Method: 42 patients with active PsA fulfilling CASPAR criteria were assigned 2:1 to receive two injections with secukinumab (10mg/kg) or placebo, given three weeks apart. The primary efficacy endpoint was the proportion of ACR20 responders at Week 6 in active compared with placebo recipients (one-sided p-value <0.1). As per protocol, no imputation was made for missing data (drop-outs were treated as missing).
Result: 25 (89%) patients on secukinumab and 10 (71%) on placebo completed the study. Five patients (4 secukinumab and 1 placebo) were excluded from the efficacy analysis due to protocol violations. Three (11%) of patients on secukinumab and 4 (29%) on placebo discontinued prematurely for lack of efficacy or withdrawal of consent. Demographics and baseline characteristics were balanced between groups for age, sex and parameters including mean (SD) SJC (secukinumab vs. placebo): 8.3 (5.6) vs. 9.5 (5.4); TJC 23.5 (19.4) vs. 22.6 (11.0); DAS28 4.8 (1.2) vs. 4.8 (1.2); MASES 3.0 (4.1) vs. 3.4 (2.3). Co-existing psoriasis, prior TNFi exposure and co-medication with DMARDS were present in 23 (98%), 11 (46%) and 21 (88%) patients on secukinumab and in 11 (89%), 5 (38%) and 10 (70%) on placebo, respectively. The ACR20 response rate at week 6 was 39% (9/23) on secukinumab vs. 23% (3/13) on placebo (P = 0.27). ACR20 response rates were 39% (9/23) vs. 15% (2/13) at week 12, and 43% (10/23) vs. 18% (2/11) at week 28 with secukinumab versus placebo, respectively. ACR50 and ACR70 response rates at week 6 on secukinumab vs. placebo were 17% vs. 8 % and 9% vs. 0%, respectively. CRP reductions at week 6 compared to baseline were observed on secukinumab (median [range] of 5.0 [0.3, 43.0] at baseline vs. 3.0 [0.2, 15.2] at week 6, but not on placebo (3.9 [1.3, 39.7] at baseline vs. 5.0 [0.8, 29.6] at week 6). Similar reductions were seen for ESR, and reductions in acute phase parameters were maintained up to week 28. The overall rate of adverse events (AEs) was comparable in secukinumab versus placebo: 26 (94%) vs. 11 (79%). One severe adverse event (cellulitis hand) occurred on secukinumab, and was not suspected by the investigator to be study drug-related. 7 serious AEs were reported in 4 secukinumab patients (tendon rupture/carpal tunnel syndrome/cellulitis, obesity, fall, breast cancer [diagnosed prior to dosing and inclusion constituting a protocol violation]) and 1 with placebo (polyarthritis). Infections were reported in 16 (57%) patients on secukinumab and 7 (50%) patients on placebo.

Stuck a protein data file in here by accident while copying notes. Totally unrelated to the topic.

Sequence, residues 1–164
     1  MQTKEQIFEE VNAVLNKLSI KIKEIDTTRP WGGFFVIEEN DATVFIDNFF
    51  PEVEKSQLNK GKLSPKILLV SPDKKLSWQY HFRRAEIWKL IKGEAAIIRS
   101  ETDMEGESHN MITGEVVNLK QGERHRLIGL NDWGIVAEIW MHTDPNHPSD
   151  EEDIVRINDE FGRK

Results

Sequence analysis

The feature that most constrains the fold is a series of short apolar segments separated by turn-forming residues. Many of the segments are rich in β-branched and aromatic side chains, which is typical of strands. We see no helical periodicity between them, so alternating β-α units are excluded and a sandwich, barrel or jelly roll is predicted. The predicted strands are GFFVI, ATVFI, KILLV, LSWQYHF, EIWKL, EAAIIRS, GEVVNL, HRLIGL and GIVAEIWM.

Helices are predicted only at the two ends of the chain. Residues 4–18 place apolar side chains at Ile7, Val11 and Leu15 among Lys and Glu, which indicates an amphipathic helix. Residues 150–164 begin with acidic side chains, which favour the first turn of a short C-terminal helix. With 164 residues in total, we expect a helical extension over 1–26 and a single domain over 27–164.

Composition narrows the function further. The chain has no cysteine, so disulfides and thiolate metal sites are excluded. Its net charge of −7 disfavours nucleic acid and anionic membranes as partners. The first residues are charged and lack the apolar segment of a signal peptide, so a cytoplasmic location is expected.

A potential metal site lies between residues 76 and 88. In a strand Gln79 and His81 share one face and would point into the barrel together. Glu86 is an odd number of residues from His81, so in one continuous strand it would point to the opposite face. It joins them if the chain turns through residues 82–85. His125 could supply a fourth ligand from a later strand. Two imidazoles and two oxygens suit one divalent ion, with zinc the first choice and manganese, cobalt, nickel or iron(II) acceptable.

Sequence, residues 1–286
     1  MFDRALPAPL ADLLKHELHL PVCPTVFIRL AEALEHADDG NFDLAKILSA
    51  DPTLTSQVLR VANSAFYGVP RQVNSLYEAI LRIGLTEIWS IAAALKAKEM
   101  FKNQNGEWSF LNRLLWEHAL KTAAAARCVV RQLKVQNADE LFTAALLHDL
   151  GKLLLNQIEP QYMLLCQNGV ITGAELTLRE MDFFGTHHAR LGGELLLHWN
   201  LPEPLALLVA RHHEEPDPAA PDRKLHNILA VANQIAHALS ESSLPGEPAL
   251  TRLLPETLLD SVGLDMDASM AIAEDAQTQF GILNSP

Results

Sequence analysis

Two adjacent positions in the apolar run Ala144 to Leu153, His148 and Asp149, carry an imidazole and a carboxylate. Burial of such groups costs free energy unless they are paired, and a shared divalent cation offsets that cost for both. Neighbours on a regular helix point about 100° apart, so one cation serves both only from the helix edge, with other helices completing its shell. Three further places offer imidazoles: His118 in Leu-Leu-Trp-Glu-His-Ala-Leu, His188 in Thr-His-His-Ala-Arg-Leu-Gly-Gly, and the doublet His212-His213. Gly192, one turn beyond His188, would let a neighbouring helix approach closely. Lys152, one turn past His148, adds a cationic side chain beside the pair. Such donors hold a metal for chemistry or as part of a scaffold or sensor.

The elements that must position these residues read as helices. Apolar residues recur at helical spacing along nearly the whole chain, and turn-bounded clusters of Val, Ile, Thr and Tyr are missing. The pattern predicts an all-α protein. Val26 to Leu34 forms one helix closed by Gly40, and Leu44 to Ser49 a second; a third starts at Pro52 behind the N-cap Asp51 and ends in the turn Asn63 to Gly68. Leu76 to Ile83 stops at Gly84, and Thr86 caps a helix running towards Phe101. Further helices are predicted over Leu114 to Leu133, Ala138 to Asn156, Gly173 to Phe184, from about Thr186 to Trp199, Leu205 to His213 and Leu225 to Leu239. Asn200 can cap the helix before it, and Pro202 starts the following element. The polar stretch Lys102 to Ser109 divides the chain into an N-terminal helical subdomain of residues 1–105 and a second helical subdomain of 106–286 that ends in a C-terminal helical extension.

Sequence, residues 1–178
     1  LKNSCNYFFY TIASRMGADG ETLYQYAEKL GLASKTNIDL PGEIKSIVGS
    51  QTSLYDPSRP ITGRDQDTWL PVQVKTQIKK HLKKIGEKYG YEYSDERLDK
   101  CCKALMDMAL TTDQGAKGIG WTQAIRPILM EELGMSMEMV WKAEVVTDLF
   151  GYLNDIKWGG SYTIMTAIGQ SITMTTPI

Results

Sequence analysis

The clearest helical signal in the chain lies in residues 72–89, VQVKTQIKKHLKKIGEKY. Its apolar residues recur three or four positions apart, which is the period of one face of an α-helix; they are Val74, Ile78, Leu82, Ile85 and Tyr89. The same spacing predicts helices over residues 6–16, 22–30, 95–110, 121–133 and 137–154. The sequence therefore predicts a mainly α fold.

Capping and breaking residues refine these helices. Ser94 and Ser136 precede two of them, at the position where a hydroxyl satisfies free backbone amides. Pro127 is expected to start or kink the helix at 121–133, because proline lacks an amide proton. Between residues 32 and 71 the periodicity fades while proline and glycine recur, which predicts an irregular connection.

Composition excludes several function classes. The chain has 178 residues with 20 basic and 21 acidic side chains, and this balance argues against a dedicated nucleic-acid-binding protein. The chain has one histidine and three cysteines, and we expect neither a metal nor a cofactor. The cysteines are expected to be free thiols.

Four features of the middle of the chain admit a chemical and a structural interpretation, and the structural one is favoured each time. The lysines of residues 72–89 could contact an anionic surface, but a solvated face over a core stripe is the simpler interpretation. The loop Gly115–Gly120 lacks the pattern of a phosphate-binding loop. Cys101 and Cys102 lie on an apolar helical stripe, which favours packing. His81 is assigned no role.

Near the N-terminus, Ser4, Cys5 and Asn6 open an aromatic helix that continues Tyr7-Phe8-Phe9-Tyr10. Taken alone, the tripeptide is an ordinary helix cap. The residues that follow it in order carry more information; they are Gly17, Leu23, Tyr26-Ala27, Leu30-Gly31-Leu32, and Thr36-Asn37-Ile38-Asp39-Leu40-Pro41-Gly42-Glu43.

Conclusion: The safety profile of secukinumab was favorable overall. Although the primary endpoint was not met, a substantial proportion of patients showed rapid and sustained improvements of clinical scores and acute phase parameters up to week 28. Trends towards a beneficial clinical effect support the rationale for larger clinical trials designed to assess clinical effectiveness.
Disclosure: I. McInnes, None; J. Sieper, None; J. Braun, None; P. Emery, None; D. van der Heijde, None; J. Isaacs, None; G. Dahmen, None; J. Wollenhaupt, None; H. Schulze-Koops, None; S. Gsteiger, Novartis Pharma AG, 3 ; A. Bertolino, Novartis Institutes for BioMedical Research, 3 ; W. Hueber, Novartis Institutes for BioMedical Research, 3 ; P. P. Tak, None.